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Kőrösy, József

(1844–1906), statistician. József Kőrösy was born in Pest to a poor family, and was forced to interrupt his university studies as a consequence of his financial circumstances. He went to work for the Első Magyar Általános Biztosító Társaság (First Hungarian General Insurance Company), and was the economic columnist for the newspapers Pesti Napló (from 1868) and Reform (from 1870). He was appointed director of the Statistical Office of Budapest (Fővárosi Statisztikai Hivatal) in 1870. During the 30 years of his tenure in that position, he developed the agency into a renowned institution.

Kőrösy’s specialized areas were urban statistics and demography. His main studies were on the demography of Budapest, and he was especially interested in issues of public health, mortality, and housing. The nineteenth century saw major theoretical and mathematical innovations in calculating mortality statistics; Kőrösy’s primary contribution in this field was to create a standardized coefficient that could connect the mortality rate of a given territory and the composition of the population by age. His method made him one of the leading demographers of Europe.

Kőrösy was also active in the realm of public health. The first hospital for infectious diseases in Hungary was created in Budapest at his suggestion in 1886, and he advocated the introduction of compulsory vaccinations. In connection with this issue he also introduced a new statistical method, that of the relative intensity ratio. Numerous prestigious European societies for statistics and public health elected him to their organizations. He was ennobled in 1896, granted the nobiliary particle szántói. He had been elected to the Hungarian Academy of Sciences as a corresponding member from 1879 and served as an ordinary member from 1903.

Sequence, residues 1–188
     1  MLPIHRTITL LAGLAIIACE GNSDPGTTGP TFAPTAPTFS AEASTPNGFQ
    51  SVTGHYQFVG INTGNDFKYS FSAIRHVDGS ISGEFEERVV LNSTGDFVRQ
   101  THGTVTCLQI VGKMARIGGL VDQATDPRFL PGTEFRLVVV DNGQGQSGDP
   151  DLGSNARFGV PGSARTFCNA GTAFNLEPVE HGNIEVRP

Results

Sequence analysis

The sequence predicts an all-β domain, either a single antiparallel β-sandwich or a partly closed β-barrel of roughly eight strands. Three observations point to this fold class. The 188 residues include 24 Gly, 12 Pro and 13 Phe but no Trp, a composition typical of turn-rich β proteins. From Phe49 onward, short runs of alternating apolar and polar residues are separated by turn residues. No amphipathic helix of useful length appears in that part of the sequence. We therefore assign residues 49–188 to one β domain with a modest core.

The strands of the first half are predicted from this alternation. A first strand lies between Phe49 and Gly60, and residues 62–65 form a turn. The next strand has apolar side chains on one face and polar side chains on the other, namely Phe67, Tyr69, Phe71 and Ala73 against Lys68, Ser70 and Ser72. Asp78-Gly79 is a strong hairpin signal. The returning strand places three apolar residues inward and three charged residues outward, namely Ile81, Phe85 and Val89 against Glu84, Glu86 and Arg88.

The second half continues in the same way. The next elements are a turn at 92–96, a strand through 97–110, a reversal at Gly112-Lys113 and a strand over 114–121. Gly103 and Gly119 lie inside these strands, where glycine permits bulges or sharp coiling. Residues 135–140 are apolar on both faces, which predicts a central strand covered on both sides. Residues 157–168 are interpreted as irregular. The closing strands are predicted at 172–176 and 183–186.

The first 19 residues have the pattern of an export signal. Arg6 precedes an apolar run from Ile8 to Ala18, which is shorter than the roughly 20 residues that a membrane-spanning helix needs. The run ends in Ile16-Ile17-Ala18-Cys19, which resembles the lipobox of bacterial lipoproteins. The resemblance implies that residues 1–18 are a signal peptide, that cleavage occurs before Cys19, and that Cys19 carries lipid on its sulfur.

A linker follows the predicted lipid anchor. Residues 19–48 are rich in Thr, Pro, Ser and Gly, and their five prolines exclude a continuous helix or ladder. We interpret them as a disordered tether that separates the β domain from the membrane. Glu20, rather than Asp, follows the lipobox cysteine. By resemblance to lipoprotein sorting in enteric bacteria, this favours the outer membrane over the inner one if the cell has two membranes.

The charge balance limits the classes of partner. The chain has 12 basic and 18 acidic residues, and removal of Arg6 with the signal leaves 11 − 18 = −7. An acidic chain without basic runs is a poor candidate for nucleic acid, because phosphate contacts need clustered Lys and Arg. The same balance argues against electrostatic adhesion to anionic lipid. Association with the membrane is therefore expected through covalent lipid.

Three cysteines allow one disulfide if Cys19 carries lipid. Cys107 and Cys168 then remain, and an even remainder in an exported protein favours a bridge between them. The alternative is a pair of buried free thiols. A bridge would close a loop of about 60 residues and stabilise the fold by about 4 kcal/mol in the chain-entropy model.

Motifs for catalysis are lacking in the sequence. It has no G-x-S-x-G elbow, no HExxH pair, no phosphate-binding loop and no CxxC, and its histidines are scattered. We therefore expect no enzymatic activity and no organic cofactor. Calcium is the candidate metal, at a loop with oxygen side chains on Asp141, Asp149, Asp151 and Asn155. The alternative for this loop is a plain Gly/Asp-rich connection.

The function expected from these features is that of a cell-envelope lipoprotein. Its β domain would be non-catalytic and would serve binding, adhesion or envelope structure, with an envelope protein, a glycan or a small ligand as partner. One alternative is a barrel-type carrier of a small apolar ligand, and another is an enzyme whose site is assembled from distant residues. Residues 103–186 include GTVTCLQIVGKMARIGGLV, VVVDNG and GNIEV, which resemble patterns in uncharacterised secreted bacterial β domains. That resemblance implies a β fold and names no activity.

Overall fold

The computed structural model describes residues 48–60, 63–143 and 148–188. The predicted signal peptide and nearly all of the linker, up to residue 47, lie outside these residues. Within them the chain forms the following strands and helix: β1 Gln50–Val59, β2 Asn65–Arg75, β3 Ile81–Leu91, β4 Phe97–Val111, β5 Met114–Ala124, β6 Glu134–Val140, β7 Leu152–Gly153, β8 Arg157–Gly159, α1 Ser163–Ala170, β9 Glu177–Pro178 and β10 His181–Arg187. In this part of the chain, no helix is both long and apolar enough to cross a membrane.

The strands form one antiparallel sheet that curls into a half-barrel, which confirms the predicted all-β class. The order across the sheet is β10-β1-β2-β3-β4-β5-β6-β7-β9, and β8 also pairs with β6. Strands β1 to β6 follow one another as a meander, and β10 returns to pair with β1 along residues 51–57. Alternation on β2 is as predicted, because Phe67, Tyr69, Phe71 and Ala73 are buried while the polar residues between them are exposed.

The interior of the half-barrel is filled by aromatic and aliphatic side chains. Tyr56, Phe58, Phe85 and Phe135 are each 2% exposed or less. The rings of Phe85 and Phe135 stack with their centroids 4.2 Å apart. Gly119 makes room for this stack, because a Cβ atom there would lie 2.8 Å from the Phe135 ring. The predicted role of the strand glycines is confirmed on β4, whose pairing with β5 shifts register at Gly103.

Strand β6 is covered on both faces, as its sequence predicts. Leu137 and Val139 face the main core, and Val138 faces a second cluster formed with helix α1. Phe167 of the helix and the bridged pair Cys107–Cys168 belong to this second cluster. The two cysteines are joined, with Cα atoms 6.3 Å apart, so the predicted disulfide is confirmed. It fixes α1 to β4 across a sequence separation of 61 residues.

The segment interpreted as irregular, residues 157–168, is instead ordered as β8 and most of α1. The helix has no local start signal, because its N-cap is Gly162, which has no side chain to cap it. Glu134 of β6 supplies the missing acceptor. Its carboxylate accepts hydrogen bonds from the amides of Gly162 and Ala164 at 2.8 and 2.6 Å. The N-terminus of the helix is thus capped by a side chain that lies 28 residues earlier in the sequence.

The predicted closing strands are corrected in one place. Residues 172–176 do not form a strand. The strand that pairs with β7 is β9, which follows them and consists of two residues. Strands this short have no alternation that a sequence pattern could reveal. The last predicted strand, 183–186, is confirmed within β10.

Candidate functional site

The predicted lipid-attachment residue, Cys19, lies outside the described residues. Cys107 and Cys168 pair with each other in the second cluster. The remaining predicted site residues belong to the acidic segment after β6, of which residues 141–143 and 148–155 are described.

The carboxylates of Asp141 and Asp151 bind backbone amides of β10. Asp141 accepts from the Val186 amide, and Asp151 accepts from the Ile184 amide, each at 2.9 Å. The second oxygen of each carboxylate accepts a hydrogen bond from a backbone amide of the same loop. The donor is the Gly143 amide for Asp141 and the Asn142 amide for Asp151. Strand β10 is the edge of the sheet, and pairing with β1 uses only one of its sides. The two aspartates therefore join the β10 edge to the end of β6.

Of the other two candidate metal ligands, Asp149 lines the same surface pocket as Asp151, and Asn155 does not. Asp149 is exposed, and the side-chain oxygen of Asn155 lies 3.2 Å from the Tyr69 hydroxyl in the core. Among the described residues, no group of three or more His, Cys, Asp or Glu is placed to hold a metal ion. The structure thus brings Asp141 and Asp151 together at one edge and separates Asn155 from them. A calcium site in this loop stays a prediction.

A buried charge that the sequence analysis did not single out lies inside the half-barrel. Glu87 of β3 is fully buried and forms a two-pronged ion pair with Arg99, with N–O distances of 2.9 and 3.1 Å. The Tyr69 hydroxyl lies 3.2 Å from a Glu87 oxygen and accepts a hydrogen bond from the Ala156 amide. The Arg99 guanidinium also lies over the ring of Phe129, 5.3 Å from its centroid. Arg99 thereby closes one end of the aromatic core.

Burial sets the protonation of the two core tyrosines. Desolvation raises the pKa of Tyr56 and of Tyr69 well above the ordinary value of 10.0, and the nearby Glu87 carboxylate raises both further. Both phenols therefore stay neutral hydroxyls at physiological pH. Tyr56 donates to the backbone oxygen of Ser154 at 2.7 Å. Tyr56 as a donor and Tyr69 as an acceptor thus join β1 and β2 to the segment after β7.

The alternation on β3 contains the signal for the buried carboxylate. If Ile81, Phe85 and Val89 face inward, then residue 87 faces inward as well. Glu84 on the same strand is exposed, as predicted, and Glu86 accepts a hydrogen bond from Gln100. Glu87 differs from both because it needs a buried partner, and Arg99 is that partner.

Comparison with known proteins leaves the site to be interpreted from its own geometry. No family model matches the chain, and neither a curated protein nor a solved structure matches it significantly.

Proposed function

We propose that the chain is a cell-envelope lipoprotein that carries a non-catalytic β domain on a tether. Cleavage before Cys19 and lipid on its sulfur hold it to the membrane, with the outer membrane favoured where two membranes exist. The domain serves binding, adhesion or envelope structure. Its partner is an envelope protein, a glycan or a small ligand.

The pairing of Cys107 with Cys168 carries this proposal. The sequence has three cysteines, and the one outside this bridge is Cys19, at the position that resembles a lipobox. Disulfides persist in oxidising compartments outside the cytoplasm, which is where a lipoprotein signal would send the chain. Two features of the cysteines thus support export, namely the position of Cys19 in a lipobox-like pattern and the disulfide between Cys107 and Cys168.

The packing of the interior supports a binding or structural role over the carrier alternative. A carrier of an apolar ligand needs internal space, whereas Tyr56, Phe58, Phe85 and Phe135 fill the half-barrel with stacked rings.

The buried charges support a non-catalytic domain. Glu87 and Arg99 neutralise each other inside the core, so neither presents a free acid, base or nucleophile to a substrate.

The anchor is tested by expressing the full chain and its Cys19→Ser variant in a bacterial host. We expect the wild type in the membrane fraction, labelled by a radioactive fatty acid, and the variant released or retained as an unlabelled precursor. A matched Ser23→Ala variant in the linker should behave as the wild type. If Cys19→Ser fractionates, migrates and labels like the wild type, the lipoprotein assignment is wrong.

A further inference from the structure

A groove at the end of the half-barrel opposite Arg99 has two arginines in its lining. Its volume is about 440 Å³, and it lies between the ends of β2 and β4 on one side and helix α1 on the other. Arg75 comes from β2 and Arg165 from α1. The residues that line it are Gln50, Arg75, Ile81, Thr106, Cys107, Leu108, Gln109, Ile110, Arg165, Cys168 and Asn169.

Kőrösy’s grandson described his grandfather as a man who “very often donated large sums for Jewish purposes. He demonstrated that it is also possible in Hungary to be a leader of an important institution as a Jew without having to convert to Christianity . . . and that it is possible to maintain one’s own and one’s family’s Jewish identity without observing the formal commandments” (Kőrösy, 1984).

Although Kőrösy did not devote a study solely to the demography of Jews, he frequently included sections in his works in which he separately marked the demographic characteristics of Jewish communities in given localities. As an assimilated Jew, he was very much interested in the process of Magyarization and assimilation, viewing knowledge of the Hungarian language as the single most important element of the Hungarian national identity. According to this criterion, he found that the Jews of Hungary were highly assimilated, with the exception of those Hasidic Jews in northeastern Hungary and Transylvania. Kőrösy died in Budapest in 1906.

Suggested Reading

László Cseh-Szombathy, “A budapesti szegényügy és statisztikája Kőrösy József szemléletében a XX. század elején,” Statisztikai Szemle 11 (1969): 1140–1147; Ferenc Kőrösy, “A Kőrösy család és a vele kapcsolt családok,” IMIT Évkönyv 1983/1984 (Budapest, 1984): 200–218; Egon Szabady, “A népességtudomány fejlődése Magyarországon,” Statisztikai Szemle 8–9 (1967): 861–883.